Man ever talks, and Man ever dreams Of better days that are yet to be, After glittering goal, that distant gleams, Running and racing untiringly. The worldly may grow old and young as it will, But the Hope of man is Improvement still. Hope bears him into life in her arms, She flutters around the boy's young bloom, The soul of youth with her magic warms, Nor rests with age in the silent tomb; For ends man his weary course at the grave, There plants he Hope o'er his ashes to wave.
I think I finally understand the saying like a moth to a flame. I'm the moth. My heart flutters like the paper thin wings. And he is the flame, incendiary, scorching my soul. He inhales so heavily, like he's been holding his breath under water. He presses his lips against mine and tugs at my hair gently. My head falls back and my mouth falls open. His tongue, slick as silver, dances with mine. I'm wrong. I'm not a moth. I'm Icarus and I've flown too close to the sun.
At the Moor Wanderer in the black wind; quietly the dry reeds whisper In the stillness of the moor. In the gray sky A flock of wild birds follows; Slanting over gloomy waters. Turmoil. In decayed hut The spirit of putrescence flutters with black wings. Crippled birches in the autumn wind. Evening in deserted tavern. The way home is scented all around By the soft gloom of grazing herds; Apparition of the night; toads plunge from brown waters.
As we were about to cross the road, Davin suddenly grabbed my wrist and held me back a moment; a car peeled out of the driveway and roared past us. 'Geez, ' I gasped, and then, glancing at him curiously, I added, 'Thanks.' He didn't say anything, but slowly released my wrist. Before he completely withdrew, I took his hand and interlaced my fingers through his. He looked at me, his lips parted in surprise, but then he smiled shyly and gave my hand a squeeze as we kept walking. It gave me a feeling of nervous flutters in the best way. As we walked up to the doors, Jill and Laurel came bursting out the exit.
You won't always spoil her.or treat her like a princess.You won't tell her she's beautiful everyday.You won't make her smile every night and you won't always want her the way you do now.That fades.Those giddy little stomach flutters fade and you're then left with reality.There will be day's you will forget to tell her she's beautiful, even though she needs to hear it.There will be days you'll to say i love you.There will be days you'll forget a birthday or an anniversary.There will be a time when she will walk past you and you won;t want to ravish her, the way you do now.Those things fade, and when they do, what's left is what's truly worth fighting for Love isn't always beautiful, heck, it's not even close to being perfect half the time, feelings change, the spark dies down and what you're left with is something you either chose to fight for you don't When you know that even through those things are gone, you're still willing to fight for every breath , then you know the love is real.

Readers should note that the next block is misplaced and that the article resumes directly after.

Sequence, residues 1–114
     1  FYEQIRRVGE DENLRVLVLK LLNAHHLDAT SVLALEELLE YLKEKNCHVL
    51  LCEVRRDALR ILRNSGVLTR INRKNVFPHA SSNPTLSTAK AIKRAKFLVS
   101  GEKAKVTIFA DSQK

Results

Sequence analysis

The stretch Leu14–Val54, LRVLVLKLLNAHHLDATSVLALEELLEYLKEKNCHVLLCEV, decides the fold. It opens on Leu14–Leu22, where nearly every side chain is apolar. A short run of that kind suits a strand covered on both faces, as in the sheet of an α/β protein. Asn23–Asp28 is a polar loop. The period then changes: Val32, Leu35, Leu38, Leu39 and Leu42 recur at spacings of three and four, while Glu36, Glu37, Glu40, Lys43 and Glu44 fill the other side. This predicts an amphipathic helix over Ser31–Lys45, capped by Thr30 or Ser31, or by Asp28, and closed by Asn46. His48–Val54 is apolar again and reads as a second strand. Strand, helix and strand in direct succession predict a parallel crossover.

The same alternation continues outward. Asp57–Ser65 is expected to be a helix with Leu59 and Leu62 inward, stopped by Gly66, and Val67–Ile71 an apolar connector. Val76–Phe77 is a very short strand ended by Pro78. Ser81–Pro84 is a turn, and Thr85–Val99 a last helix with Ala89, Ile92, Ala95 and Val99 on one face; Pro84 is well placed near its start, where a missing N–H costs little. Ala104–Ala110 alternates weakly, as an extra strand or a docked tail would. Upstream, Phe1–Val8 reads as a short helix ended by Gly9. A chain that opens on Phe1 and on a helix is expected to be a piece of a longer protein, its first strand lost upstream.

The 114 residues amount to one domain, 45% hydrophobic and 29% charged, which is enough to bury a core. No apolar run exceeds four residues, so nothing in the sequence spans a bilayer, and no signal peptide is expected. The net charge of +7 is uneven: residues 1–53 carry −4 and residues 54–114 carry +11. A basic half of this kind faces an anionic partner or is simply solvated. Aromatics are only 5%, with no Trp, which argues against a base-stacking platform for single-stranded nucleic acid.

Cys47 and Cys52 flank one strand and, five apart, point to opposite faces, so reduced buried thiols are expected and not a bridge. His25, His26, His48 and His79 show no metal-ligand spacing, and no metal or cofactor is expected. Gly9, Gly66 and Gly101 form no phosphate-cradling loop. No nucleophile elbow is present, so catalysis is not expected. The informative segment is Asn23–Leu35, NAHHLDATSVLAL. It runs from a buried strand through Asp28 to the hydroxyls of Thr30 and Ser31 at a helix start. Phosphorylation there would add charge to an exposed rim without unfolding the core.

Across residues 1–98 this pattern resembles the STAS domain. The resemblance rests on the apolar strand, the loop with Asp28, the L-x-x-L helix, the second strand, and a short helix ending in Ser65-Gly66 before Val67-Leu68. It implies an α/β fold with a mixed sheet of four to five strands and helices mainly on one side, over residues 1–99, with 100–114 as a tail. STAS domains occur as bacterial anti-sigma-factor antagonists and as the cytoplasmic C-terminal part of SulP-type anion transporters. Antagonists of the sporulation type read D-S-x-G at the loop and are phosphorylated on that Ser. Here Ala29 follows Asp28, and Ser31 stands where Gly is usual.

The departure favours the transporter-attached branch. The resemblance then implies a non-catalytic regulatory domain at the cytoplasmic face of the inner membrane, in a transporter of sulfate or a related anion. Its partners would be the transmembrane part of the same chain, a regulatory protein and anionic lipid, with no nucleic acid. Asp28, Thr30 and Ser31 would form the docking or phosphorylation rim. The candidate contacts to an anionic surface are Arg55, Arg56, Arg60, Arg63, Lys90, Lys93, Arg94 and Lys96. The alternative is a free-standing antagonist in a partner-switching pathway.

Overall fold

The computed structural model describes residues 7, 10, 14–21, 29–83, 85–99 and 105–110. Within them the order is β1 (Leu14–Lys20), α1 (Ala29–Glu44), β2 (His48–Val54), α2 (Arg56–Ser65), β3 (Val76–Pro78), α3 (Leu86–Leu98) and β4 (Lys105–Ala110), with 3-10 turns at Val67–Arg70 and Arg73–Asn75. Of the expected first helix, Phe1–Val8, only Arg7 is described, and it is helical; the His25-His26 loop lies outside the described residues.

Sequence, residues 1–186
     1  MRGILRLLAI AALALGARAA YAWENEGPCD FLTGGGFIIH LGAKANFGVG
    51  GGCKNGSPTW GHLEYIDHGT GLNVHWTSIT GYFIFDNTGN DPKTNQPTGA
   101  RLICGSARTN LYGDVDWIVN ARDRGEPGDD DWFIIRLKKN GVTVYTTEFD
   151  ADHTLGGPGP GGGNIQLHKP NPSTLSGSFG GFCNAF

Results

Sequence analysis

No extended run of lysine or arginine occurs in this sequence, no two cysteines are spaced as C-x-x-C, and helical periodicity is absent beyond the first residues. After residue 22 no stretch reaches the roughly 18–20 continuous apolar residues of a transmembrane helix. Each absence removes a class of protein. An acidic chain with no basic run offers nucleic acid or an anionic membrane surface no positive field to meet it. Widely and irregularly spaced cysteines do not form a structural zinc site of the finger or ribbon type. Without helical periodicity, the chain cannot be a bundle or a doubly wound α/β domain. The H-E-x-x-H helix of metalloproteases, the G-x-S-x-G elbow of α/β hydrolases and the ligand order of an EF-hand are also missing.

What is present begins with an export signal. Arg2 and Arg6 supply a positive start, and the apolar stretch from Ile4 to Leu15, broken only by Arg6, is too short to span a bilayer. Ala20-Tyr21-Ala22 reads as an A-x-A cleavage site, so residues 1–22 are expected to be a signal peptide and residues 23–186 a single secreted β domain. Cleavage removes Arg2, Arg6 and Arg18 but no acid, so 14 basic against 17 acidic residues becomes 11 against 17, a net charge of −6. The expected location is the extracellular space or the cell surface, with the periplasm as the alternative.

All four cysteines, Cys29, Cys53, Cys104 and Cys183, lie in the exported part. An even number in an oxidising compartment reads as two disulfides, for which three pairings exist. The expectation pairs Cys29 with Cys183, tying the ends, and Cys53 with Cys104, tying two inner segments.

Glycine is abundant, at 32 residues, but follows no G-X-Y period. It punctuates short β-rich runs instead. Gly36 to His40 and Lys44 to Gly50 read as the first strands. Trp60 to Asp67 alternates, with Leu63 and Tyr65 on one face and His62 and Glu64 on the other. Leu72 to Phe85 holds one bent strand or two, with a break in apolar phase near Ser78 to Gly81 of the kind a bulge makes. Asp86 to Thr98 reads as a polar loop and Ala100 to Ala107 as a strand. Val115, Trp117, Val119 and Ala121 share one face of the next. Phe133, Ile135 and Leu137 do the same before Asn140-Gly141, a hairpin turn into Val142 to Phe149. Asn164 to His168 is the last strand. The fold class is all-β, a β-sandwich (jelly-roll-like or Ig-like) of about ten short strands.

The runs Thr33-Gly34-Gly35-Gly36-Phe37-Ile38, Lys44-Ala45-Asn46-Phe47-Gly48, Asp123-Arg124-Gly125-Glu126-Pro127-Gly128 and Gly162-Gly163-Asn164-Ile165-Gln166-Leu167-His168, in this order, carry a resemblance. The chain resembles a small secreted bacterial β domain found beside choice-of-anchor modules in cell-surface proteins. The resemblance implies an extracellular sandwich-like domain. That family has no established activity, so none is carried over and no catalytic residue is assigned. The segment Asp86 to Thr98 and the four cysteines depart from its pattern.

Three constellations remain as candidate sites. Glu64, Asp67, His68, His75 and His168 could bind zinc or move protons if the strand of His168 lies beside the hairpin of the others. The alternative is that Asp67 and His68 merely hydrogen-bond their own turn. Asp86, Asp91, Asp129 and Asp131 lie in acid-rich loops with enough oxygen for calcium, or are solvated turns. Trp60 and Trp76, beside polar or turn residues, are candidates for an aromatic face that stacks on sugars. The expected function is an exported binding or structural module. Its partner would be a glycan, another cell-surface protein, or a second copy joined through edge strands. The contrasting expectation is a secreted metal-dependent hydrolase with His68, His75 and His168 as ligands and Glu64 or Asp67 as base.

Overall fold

When you left you left behind a field of silent flowers under a sky full of unstirred clouds... you left a million butterflies mid-silky flutters You left like midnight rain against my dreaming ears Oh and how you left leaving my coffee scentless and my couch comfortless leaving upon my fingers the melting snow of you you left behind a calendar full of empty days and seasons full of aimless wanders leaving me alone with an armful of sunsets your reflection behind in every puddle your whispers upon every curtain your fragrance inside every petal you left your echoes in between the silence of my eyes Oh and how you left leaving my sands footless and my shores songless leaving me with windows full of moistened moonlight nights and nights of only a half-warmed soul and when you left... you left behind a lifetime of moments untouched the light of a million stars unshed and when you left you somehow left my poem... unfinished. (Published in Taj Mahal Review Vol.11 Number 1 June 2012)
Don't dash off a six-thousand-word story before breakfast. Don't write too much. Concentrate your sweat on one story, rather than dissipate it over a dozen. Don't loaf and invite inspiration; light out after it with a club, and if you don't get it you will none the less get something that looks remarkably like it. Set yourself a 'stint, ' [London wrote 1, 000 words nearly every day of his adult life] and see that you do that 'stint' each day; you will have more words to your credit at the end of the year. Study the tricks of the writers who have arrived. They have mastered the tools with which you are cutting your fingers. They are doing things, and their work bears the internal evidence of how it is done. Don't wait for some good Samaritan to tell you, but dig it out for yourself. See that your pores are open and your digestion is good. That is, I am confident, the most important rule of all. Keep a notebook. Travel with it, eat with it, sleep with it. Slap into it every stray thought that flutters up into your brain. Cheap paper is less perishable than gray matter, and lead pencil markings endure longer than memory. And work. Spell it in capital letters. WORK. WORK all the time. Find out about this earth, this universe; this force and matter, and the spirit that glimmers up through force and matter from the maggot to Godhead. And by all this I mean WORK for a philosophy of life. It does not hurt how wrong your philosophy of life may be, so long as you have one and have it well. The three great things are: GOOD HEALTH; WORK; and a PHILOSOPHY OF LIFE. I may add, nay, must add, a fourth-SINCERITY. Without this, the other three are without avail; with it you may cleave to greatness and sit among the giants." [Getting Into Print (The Editor magazine, March 1903)]